SpaceX successfully launches reused Dragon spacecraft for ISS resupply

SpaceX’s CRS-11 launch on Saturday was a success, bringing a Dragon spacecraft loaded down with nearly 6,000 lbs of supplies and research equipment on board to orbit. The twist was that SpaceX already sent this Dragon capsule up to resupply the International Space Station once before – back in September 2014, when it carried cargo to the ISS prior to being recovered and refurbished post-mission.

The successful relaunch of a recycled Dragon is another historic milestone for SpaceX, which is aiming to reuse various parts of its launch and spacecraft equipment in order to help lower the cost of getting stuff to space. This is key to its aim of making launching a lucrative and profitable business, and also to it achieving its goal of flying missions, including crewed operations, to Mars.

After SpaceX’s Falcon 9 (not a reused one, this time) delivered the Dragon to orbit, it decoupled from the craft about 10 minutes after the original liftoff, and then deployed its solar wings to harvest energy for the rest of its trip to the ISS.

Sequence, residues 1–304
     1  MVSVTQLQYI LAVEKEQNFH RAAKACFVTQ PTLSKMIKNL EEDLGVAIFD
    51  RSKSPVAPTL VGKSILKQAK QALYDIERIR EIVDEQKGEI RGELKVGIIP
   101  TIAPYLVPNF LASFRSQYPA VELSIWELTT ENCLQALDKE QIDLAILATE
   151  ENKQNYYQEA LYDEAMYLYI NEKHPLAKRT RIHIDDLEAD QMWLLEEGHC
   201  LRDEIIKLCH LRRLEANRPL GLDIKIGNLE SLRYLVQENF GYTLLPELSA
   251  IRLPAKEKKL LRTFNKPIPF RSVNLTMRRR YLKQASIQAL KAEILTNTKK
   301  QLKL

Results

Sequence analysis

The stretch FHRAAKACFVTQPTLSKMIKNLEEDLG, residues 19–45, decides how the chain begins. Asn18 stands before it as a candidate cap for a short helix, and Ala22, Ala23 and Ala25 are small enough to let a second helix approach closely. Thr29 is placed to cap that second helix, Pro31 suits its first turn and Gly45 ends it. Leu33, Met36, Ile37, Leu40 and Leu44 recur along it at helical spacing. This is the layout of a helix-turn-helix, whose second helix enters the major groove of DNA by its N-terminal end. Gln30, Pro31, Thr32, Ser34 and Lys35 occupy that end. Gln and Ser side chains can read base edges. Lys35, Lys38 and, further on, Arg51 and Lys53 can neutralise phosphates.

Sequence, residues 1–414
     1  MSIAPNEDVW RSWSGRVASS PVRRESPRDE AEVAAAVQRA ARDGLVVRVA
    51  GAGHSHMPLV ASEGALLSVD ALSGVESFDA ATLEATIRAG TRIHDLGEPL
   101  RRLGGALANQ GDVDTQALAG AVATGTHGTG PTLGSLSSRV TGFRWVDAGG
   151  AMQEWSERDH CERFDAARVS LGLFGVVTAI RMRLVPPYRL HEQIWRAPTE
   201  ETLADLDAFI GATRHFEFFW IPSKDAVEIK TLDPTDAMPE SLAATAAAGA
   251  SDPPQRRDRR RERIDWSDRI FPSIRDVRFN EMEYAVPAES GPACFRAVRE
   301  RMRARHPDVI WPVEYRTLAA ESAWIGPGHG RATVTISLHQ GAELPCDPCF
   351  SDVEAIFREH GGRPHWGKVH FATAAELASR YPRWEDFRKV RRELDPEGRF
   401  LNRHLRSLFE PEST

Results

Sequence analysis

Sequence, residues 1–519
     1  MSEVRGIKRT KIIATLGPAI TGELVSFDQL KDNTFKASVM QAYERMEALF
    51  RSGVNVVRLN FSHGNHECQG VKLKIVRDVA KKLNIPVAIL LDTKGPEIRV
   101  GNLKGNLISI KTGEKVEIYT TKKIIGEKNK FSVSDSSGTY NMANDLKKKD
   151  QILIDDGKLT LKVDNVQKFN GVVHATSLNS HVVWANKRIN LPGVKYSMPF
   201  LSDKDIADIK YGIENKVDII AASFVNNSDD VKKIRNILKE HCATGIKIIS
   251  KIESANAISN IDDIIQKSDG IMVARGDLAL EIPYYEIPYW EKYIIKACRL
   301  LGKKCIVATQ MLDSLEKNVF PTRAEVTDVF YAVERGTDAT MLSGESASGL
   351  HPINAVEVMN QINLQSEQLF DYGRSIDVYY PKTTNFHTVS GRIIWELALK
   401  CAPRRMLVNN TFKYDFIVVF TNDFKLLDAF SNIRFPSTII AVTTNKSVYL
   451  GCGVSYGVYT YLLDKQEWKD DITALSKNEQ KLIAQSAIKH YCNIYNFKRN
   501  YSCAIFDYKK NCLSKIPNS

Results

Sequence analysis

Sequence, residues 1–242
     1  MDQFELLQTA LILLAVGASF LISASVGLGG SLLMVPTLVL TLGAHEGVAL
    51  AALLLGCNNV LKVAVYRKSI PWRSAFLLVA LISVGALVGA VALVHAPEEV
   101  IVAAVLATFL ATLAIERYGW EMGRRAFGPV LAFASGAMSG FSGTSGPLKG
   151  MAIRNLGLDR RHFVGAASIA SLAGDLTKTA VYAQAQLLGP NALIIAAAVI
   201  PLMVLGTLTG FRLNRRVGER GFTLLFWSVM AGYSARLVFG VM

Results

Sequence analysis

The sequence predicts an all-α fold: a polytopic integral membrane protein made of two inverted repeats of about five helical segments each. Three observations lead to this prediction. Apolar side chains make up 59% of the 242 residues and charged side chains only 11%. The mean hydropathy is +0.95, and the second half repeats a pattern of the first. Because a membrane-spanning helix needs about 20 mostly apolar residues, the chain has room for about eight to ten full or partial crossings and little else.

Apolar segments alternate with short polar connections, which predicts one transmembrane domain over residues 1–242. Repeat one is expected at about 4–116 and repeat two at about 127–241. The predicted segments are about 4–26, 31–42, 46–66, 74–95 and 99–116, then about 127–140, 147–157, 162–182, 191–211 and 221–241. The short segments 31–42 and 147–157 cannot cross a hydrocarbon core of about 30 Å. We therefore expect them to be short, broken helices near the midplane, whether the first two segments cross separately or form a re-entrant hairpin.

The Dragon will attempt to dock with the ISS around 36 hours from launch, when space station crew will attempt to capture the craft using the facility’s 57.7-foot Canadian-made robotic arm. If this Dragon completes the rest of its mission as planned, it’ll be recovered, refurbished and hopefully reused in a future mission

SpaceX is working on Dragon 2, a capsule designed to bring crew to and from the ISS, and hopes to run test flights with astronauts on board beginning next year.

This mission included an attempt to recover the used Falcon 9 first stage, which was a success. The landing was pretty text-book from all appearances, with the rocket touching down without issue at SpaceX’s LZ-1 at Cape Canaveral Air Force base.